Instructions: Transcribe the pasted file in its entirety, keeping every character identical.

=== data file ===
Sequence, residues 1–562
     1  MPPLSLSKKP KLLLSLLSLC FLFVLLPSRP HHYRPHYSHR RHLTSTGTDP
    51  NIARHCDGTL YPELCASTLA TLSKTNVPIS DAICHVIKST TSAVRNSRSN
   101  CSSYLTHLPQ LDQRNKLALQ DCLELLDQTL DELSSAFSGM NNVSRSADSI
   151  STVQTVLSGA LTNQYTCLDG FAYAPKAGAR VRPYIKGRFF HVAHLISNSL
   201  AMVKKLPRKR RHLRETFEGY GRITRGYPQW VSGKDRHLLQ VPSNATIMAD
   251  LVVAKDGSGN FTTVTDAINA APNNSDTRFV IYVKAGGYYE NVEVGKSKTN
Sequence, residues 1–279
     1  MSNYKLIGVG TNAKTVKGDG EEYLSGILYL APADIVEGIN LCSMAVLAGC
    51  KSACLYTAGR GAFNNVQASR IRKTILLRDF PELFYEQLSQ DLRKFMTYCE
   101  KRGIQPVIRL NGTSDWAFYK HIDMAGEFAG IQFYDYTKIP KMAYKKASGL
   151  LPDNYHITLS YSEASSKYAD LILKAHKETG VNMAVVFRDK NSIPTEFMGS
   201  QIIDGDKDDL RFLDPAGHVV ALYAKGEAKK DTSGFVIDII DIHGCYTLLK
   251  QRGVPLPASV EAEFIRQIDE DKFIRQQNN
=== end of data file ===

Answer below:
Sequence, residues 1–562
     1  MPPLSLSKKP KLLLSLLSLC FLFVLLPSRP HHYRPHYSHR RHLTSTGTDP
    51  NIARHCDGTL YPELCASTLA TLSKTNVPIS DAICHVIKST TSAVRNSRSN
   101  CSSYLTHLPQ LDQRNKLALQ DCLELLDQTL DELSSAFSGM NNVSRSADSI
   151  STVQTVLSGA LTNQYTCLDG FAYAPKAGAR VRPYIKGRFF HVAHLISNSL
   201  AMVKKLPRKR RHLRETFEGY GRITRGYPQW VSGKDRHLLQ VPSNATIMAD
   251  LVVAKDGSGN FTTVTDAINA APNNSDTRFV IYVKAGGYYE NVEVGKSKTN
Sequence, residues 1–279
     1  MSNYKLIGVG TNAKTVKGDG EEYLSGILYL APADIVEGIN LCSMAVLAGC
    51  KSACLYTAGR GAFNNVQASR IRKTILLRDF PELFYEQLSQ DLRKFMTYCE
   101  KRGIQPVIRL NGTSDWAFYK HIDMAGEFAG IQFYDYTKIP KMAYKKASGL
   151  LPDNYHITLS YSEASSKYAD LILKAHKETG VNMAVVFRDK NSIPTEFMGS
   201  QIIDGDKDDL RFLDPAGHVV ALYAKGEAKK DTSGFVIDII DIHGCYTLLK
   251  QRGVPLPASV EAEFIRQIDE DKFIRQQNN